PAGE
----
Project description:BACKGROUND:Walking impairment is a hallmark of multiple sclerosis (MS). It affects?>?90% of individuals over time, reducing independence and negatively impacting health-related quality of life, productivity, and daily activities. Walking impairment is consistently reported as one of the most distressing impairments by individuals with MS. Prolonged-release (PR)-fampridine previously has been shown to improve objectively measured walking speed in walking-impaired adults with MS. The impact of PR-fampridine from the perspective of the individual with MS warrants full and detailed examination. OBJECTIVE:The objective of this study was to evaluate whether PR-fampridine has a clinically meaningful effect on self-reported walking ability in walking-impaired participants with MS. METHODS:ENHANCE was a phase III, randomized, double-blind, placebo-controlled study of PR-fampridine 10 mg twice daily in walking-impaired individuals age 18-70 years with either relapsing or progressive forms of MS and an Expanded Disability Status Scale (EDSS) score of 4.0-7.0 at screening. Participants were stratified by EDSS score (??6.0 or 6.5-7.0) at randomization to ensure a balanced level of disability in the treatment groups. The primary endpoint was the proportion of participants with a mean improvement in the 12-item Multiple Sclerosis Walking Scale (MSWS-12) score exceeding the predefined threshold for clinically meaningful improvement (??8 points) over 24 weeks. Secondary endpoints included the proportion with???15% improvement in Timed Up and Go (TUG) speed, and mean changes in Multiple Sclerosis Impact Scale physical impact subscale (MSIS-29 PHYS), Berg Balance Scale (BBS), and ABILHAND scores over 24 weeks. RESULTS:In total, 636 participants with MS were randomized (PR-fampridine, n?=?317; placebo, n?=?319; modified intention-to-treat sample: PR-fampridine, n?=?315; placebo, n?=?318). At baseline in the PR-fampridine and placebo groups, 46% and 51% had a progressive form of MS, median [range] EDSS scores were 6.0 [4.0-7.0] and 5.5 [4.0-7.0], mean [range] MSWS-12 scores were 63.6 [0-100] and 65.4 [0-100], and mean [range] TUG speed was 0.38 [0.0-1.0] and 0.38 [0.0-1.2] feet/s, respectively. A significantly higher percentage of PR-fampridine-treated participants (136/315 [43.2%]) had clinically meaningful improvement in MSWS-12 score over 24 weeks versus placebo (107/318 [33.6%]; odds ratio 1.61 [95% confidence interval 1.15-2.26]; p?=?0.006). For PR-fampridine versus placebo, significantly more participants had a???15% improvement in TUG speed, and there was significantly greater mean improvement in MSIS-29 PHYS score (p?<?0.05); numerical improvements that were not statistically significant were observed in BBS/ABILHAND. Adverse events that were more common in the PR-fampridine group than placebo group (difference???3%) by Medical Dictionary for Regulatory Activities (MedDRA®) Preferred Term were urinary tract infection and insomnia. There were no seizures reported. CONCLUSIONS:PR-fampridine treatment resulted in sustained, clinically meaningful improvements over 24 weeks in self-reported walking and functional ability in walking-disabled participants with MS. CLINICALTRIALS. GOV IDENTIFIER:NCT02219932.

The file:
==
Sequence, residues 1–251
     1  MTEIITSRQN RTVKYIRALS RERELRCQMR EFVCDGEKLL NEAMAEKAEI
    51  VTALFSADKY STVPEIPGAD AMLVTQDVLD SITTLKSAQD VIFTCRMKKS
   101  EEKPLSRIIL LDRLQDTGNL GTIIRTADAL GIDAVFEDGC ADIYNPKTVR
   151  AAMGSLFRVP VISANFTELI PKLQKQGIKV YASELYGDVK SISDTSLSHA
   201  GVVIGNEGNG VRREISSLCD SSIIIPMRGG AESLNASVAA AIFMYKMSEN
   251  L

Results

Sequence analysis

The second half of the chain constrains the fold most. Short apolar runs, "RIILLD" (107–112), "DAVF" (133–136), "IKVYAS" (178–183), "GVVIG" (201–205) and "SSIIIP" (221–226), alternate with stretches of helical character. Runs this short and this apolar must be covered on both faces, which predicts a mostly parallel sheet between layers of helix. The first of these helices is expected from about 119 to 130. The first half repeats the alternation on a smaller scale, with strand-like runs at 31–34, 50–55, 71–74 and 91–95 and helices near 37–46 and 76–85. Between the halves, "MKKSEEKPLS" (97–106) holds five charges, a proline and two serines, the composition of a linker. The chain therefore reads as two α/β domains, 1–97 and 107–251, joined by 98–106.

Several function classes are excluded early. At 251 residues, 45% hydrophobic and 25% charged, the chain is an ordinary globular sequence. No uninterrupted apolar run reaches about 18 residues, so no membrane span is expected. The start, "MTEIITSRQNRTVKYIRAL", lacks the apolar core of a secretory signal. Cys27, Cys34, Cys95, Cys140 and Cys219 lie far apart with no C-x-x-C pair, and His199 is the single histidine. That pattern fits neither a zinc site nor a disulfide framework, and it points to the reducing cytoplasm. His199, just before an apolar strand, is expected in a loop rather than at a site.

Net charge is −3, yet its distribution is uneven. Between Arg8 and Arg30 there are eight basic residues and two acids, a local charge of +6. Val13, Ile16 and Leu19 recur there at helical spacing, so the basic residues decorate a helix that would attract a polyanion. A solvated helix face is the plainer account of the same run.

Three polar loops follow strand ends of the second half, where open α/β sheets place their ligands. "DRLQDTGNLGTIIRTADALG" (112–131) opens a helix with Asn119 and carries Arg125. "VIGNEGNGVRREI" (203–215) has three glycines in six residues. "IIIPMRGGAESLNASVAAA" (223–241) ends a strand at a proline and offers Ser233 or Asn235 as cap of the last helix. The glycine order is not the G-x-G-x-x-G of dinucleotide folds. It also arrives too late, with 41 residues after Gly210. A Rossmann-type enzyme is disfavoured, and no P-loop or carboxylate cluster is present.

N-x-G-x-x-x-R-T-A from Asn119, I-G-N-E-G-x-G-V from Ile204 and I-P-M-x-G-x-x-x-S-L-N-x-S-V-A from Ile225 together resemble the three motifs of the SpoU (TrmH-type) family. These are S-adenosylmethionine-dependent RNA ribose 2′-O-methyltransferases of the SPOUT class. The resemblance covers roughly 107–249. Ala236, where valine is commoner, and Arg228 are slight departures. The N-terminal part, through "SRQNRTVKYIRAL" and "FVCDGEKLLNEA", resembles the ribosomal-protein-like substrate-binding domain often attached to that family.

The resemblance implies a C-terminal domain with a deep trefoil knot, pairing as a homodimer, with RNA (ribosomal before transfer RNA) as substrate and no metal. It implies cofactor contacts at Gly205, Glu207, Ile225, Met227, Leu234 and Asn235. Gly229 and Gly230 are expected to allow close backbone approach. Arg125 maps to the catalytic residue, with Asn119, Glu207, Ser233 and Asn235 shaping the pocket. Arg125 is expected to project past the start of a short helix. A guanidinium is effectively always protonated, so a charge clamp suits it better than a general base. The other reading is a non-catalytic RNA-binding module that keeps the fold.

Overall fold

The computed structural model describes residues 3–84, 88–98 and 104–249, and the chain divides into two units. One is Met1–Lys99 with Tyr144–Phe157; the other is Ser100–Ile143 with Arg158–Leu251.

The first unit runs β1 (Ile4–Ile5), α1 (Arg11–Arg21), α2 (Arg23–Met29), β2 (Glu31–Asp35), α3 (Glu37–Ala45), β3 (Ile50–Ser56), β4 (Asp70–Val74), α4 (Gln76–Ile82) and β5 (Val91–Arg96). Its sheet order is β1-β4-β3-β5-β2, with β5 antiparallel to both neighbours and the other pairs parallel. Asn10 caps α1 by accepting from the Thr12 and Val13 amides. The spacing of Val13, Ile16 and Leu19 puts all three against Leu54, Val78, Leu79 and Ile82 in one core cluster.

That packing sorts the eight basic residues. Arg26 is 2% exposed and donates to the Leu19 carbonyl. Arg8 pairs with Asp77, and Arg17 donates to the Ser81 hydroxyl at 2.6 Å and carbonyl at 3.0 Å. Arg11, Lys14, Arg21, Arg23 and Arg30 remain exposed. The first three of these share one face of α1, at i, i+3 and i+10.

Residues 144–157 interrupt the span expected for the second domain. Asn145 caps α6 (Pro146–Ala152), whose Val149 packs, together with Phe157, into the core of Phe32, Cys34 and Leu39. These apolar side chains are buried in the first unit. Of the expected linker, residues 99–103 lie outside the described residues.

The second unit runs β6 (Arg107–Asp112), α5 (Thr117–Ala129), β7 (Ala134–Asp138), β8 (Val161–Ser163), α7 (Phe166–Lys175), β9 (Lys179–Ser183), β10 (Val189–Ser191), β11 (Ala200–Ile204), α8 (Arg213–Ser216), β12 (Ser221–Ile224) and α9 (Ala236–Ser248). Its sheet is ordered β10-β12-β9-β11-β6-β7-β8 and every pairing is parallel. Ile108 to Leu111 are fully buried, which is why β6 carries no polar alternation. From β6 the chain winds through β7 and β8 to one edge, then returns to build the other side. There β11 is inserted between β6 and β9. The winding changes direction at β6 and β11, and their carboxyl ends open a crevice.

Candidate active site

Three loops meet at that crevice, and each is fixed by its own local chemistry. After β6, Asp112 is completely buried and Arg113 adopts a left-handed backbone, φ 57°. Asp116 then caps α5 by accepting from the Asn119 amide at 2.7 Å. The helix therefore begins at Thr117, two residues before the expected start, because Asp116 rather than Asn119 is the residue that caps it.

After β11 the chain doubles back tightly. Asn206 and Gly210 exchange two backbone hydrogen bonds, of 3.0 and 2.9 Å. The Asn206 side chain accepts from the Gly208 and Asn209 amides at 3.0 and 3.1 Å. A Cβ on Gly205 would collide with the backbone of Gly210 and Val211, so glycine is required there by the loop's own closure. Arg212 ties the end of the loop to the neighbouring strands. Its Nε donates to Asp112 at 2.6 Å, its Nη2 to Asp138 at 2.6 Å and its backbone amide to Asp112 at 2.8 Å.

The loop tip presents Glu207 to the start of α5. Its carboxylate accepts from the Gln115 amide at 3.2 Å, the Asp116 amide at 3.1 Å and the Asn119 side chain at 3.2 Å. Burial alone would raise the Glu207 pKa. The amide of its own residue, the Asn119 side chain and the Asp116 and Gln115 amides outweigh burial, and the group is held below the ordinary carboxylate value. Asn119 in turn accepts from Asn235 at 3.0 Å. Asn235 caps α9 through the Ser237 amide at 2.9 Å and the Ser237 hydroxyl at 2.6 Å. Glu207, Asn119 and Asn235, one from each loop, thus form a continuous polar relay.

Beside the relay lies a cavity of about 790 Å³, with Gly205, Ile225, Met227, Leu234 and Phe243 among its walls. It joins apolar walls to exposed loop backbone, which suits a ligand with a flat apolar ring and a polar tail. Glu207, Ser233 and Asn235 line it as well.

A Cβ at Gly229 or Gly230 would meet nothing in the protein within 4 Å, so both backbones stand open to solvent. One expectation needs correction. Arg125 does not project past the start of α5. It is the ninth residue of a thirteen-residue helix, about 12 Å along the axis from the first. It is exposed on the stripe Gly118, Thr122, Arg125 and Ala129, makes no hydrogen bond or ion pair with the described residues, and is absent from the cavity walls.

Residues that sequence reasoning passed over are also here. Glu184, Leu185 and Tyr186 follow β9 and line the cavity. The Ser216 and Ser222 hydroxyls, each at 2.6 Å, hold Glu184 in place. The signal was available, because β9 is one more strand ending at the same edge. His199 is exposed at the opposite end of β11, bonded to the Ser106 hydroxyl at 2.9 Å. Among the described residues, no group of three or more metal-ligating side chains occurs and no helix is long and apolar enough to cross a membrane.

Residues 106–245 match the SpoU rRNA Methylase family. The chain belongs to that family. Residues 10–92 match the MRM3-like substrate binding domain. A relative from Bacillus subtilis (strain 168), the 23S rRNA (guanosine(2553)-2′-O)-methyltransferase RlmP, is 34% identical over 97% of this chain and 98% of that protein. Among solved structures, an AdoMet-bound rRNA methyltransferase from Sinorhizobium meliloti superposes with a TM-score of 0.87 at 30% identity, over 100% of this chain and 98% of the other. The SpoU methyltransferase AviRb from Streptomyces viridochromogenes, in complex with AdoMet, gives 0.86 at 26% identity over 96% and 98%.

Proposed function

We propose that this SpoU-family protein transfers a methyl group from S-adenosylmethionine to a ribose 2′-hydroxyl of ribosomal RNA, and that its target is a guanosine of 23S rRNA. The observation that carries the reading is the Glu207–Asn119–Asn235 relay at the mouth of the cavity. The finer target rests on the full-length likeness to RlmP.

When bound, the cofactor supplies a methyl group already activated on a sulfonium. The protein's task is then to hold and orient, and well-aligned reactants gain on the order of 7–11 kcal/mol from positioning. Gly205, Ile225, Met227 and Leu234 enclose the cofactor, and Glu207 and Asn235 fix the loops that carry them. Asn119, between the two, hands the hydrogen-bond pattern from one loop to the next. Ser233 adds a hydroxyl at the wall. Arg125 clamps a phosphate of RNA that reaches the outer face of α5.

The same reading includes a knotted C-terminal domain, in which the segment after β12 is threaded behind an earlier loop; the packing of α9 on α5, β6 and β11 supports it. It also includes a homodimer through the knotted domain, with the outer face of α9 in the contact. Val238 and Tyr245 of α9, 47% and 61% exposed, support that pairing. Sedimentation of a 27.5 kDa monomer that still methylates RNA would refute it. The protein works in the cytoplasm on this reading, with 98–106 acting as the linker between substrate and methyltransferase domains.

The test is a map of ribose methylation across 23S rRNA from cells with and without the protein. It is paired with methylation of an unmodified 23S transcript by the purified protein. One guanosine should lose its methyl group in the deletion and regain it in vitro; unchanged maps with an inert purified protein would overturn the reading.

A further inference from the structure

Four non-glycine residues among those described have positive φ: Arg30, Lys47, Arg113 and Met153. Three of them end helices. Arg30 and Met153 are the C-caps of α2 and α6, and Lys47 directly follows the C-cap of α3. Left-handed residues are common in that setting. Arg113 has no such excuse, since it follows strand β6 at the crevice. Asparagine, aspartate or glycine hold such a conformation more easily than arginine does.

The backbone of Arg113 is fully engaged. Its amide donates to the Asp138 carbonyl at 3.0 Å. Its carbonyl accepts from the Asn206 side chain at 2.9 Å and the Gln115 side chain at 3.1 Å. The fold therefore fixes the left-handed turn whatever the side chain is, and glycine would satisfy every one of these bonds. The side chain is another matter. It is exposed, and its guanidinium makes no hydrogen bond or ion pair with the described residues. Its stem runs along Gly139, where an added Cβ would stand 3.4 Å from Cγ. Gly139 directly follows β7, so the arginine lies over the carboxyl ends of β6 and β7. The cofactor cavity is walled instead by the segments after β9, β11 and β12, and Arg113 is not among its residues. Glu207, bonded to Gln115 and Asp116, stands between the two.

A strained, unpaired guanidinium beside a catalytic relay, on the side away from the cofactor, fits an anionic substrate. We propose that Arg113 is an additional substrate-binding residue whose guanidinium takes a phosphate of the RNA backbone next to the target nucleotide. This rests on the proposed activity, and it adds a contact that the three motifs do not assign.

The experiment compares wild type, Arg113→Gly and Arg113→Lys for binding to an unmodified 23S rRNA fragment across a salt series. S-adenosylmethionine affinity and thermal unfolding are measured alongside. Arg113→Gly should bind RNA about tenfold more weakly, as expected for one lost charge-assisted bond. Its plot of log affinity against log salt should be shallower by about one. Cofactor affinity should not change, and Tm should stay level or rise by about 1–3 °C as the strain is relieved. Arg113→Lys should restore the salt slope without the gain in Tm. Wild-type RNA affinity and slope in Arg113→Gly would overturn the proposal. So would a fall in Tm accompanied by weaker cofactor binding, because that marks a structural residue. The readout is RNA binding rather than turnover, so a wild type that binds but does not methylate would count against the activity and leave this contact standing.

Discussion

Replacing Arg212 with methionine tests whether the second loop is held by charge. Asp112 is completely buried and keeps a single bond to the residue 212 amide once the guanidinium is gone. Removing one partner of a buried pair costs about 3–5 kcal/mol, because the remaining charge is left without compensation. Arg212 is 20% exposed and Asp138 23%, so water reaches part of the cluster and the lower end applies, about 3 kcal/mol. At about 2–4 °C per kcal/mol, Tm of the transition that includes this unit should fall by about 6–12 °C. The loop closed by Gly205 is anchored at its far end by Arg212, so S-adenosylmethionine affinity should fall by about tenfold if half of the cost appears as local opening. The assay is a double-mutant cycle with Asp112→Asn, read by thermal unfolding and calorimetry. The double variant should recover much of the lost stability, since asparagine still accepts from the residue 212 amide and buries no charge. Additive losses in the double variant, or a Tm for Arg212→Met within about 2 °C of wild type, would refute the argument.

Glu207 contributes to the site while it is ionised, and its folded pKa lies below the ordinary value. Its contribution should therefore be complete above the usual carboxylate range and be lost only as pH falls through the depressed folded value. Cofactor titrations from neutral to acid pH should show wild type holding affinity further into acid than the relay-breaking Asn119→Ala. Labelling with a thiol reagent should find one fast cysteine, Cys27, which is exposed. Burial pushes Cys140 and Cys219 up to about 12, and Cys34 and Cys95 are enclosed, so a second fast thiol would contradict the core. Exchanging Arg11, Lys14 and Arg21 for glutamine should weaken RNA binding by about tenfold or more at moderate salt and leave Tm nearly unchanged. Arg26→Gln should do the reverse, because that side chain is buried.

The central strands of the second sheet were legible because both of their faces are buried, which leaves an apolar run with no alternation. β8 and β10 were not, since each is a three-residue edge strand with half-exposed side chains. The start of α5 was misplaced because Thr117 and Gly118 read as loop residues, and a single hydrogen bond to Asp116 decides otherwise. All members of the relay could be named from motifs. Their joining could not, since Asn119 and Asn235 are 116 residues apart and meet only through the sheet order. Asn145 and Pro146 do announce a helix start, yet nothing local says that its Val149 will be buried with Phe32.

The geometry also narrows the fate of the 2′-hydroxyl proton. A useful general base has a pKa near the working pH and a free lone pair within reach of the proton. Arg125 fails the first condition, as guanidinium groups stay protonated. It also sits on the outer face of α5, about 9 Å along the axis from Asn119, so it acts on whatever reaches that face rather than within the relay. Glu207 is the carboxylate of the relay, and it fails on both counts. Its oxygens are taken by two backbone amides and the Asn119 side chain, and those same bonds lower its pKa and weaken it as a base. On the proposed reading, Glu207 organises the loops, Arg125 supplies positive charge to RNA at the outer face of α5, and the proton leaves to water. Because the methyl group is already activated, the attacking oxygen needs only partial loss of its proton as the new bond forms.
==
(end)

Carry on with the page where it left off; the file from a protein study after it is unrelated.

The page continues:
Project description:<h4>Background</h4>To date, detailed analyses of walking patterns using accelerometers during the 6-min walk test (6MWT) have not been performed in patients with chronic obstructive pulmonary disease (COPD). Therefore, it remains unclear whether and to what extent COPD patients have an altered walking pattern during the 6MWT compared to healthy elderly subjects.<h4>Methodology/principal findings</h4>79 COPD patients and 24 healthy elderly subjects performed the 6MWT wearing an accelerometer attached to the trunk. The accelerometer features (walking intensity, cadence, and walking variability) and subject characteristics were assessed and compared between groups. Moreover, associations were sought with 6-min walk distance (6MWD) using multiple ordinary least squares (OLS) regression models. COPD patients walked with a significantly lower walking intensity, lower cadence and increased walking variability compared to healthy subjects. Walking intensity and height were the only two significant determinants of 6MWD in healthy subjects, explaining 85% of the variance in 6MWD. In COPD patients also age, cadence, walking variability measures and their interactions were included were significant determinants of 6MWD (total variance in 6MWD explained: 88%).<h4>Conclusions/significance</h4>COPD patients have an altered walking pattern during 6MWT compared to healthy subjects. These differences in walking pattern partially explain the lower 6MWD in patients with COPD.